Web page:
Nothing signals the end of summer and beginning of fall more than a good old domain appraisal debate. Elliot wrote a post this week titled Group Domain Appraisals that is currently sitting at 243 comments. What looked like it would be a short discussion evolved into an epic string of people posting their domains at wacky prices. I thought this did a great job of illustrating just how arbitrary pricing really is, but there’s more to it than that. Theo chimed in as well on the issue pushing the importance of having an expert provide the appraisal.
Shane then wrote an awesome post today citing that Michael Berkens, arguably one of the most successful Domainers on the planet doesn’t price his domains. Shane said that at the end of the day we’re all just guessing so you shouldn’t worry too much about appraisals. I have to agree, an appraisal is nothing more than a guess, but there are levels of how educated that guess is.
This came up a lot when we were building appraiso, the first thing we looked at is how current estimation services were generating their estimates. Every popular website estimation service we could find relied heavily on the Alexa information. So while it produced a guess, it really was a fairly random guess but at least based on some somewhat meaningful information. We leveraged access to a large database of previous website sales to add comparable sales (i.e. sites with similar stats) to the mix. This was one of a number of additions we made to make what still is absolutely nothing more than a guess, as educated of a guess as possible.
Now this ties back to Theo’s point which I also think was on the money. If you want to get the most educated guess possible, humans beat machines. I’d want Michael Berkens, Rick Schwartz, Mike Mann, Frank Schilling, and many other experts to give me there opinion long before an automated system. I would also think it would be hard to get a better guess than from people with 10+ years experience selling domains. But let’s still admit that whatever appraisal is given is still a guess, the best we can do is get the most educated guess possible.
Of course the reality is that too many variables are at play, the most important having nothing to do with historical sales, search volume, or CPC. The most important element that needs to be taken into account is how much the buyer is willing to pay and how badly do they want the domain. It is this incredibly random element that has allowed some of the biggest Domainers to make their fortunes. Sure, plenty of people would pay $300K, $400K or even $500K for a domain like Candy.com, but crossing paths with that buyer that would pay $3 million is the key. I won’t put words in Rick’s mouth but I’ve always admired the way he handles his deals and I think he would tell you that every deal is completely different because every buyer is different.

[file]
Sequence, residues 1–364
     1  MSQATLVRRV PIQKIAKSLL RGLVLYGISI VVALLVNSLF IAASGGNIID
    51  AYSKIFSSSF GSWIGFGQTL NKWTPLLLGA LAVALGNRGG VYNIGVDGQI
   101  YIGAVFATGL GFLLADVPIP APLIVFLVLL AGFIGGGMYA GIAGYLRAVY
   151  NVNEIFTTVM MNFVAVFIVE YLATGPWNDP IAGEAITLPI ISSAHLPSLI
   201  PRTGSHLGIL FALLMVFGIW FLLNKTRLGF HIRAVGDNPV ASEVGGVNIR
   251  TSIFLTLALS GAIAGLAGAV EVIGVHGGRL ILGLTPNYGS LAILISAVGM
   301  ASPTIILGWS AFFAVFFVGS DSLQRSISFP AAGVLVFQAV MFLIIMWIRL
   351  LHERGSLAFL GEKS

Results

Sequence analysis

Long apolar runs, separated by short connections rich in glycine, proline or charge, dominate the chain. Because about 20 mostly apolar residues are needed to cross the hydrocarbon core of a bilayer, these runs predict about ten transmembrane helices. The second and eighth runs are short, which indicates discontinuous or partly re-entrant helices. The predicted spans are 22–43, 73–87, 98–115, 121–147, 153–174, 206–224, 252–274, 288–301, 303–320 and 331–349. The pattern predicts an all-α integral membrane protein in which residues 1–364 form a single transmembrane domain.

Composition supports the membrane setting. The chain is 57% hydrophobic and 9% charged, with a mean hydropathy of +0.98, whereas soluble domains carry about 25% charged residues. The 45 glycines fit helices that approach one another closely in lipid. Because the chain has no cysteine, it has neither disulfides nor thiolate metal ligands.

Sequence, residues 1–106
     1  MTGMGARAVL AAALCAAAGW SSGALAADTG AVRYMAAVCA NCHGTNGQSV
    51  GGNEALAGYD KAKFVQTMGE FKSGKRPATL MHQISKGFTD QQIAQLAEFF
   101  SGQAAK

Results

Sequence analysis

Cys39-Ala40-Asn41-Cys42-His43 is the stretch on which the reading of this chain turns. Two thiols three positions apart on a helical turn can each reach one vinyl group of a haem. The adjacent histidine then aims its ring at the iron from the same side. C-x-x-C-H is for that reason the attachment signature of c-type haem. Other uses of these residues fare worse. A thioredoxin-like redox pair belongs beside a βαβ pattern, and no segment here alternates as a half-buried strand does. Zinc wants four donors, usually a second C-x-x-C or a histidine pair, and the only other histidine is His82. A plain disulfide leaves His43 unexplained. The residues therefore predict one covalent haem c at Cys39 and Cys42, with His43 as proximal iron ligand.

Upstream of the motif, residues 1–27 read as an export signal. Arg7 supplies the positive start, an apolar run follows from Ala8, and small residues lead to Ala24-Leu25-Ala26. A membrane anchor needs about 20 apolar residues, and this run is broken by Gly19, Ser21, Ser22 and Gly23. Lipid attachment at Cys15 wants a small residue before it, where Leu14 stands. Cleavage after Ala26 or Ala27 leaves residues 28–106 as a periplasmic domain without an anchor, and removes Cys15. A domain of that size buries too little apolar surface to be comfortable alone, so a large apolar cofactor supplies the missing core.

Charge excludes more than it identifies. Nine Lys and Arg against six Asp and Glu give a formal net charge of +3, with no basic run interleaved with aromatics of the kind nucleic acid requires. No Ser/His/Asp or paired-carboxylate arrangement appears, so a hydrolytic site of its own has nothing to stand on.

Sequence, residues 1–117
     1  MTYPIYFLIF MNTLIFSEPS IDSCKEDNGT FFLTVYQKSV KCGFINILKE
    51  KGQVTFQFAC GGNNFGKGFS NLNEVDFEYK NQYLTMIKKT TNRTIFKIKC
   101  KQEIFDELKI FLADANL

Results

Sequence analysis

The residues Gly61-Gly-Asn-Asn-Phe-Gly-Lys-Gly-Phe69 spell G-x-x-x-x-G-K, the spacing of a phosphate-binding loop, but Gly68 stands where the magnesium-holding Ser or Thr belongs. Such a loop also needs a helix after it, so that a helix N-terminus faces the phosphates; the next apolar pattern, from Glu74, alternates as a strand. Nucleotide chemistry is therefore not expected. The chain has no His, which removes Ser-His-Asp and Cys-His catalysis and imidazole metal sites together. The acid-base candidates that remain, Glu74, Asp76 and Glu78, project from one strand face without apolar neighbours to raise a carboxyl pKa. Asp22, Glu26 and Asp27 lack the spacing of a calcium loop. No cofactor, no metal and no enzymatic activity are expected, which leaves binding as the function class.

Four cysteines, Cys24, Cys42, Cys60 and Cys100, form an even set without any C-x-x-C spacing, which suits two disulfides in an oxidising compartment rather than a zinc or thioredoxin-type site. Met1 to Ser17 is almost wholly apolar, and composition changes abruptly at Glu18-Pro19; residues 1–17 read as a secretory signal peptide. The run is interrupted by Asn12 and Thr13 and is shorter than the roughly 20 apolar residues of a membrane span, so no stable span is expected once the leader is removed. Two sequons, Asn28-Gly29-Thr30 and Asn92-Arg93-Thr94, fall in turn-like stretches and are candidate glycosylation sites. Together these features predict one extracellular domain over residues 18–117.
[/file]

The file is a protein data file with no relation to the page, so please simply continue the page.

I see serious Domainers in the same light that I see many VC’s and Angels, they are looking for smart people with big ideas, and when they find the right people, they make a fortune. So appraisals, yes they’re just guesses, guesses missing one of the most critical pieces of information. Still, if I’m going to have anyone making that guess I’d sure love an expert to be the one doing it.
Last, but certainly not least you might be wondering, “but Morgan, you make an automated appraisal system, how can you promote human appraisals??” I think there is a clear place in the market for automated appraisal systems. I use Estibot religiously, if I’m trying to evaluate a list of 500+ domains there’s no easier way to sort and find the best ones. I also learn about similar sales and then do my own research on the buyers in the space. There’s a lot of legwork that an automated appraisal system can do on a large dataset. Try sending an expert Domainer 500 domains and asking for them to do a high-quality detailed appraisal on all of them. Doing things in bulk requires an automated system.
If you have one or two stellar names that you think are worth big bucks, run them by an expert if you know one, it can’t hurt. Still understand that the price really is how much your buyer is willing to pay and that varies from buyer to buyer. No automated system can ever tell you that. So what are appraisals good for? They are good for getting a ballpark, if you think you have a domain worth $500,000 an an expert says it’s only worth $500 you might be living in dreamland and that $5,000 offer you received last week might we worth taking. Of course this all depends on your own investment strategy, there are a lot of variables at play.
In general forget appraisals and do what the pros do (if you have good names) and only sell names based on inbound inquiries. Otherwise just remember to take appraisals with a grain of salt because it’s all about the buyer not the domain name.
Please weigh in yourself here, do you agree, disagree, think I’m crazy? think I’m a mad genius? Think you’re a mad genius and want to let us know how it really is? Comment and let your voice be heard!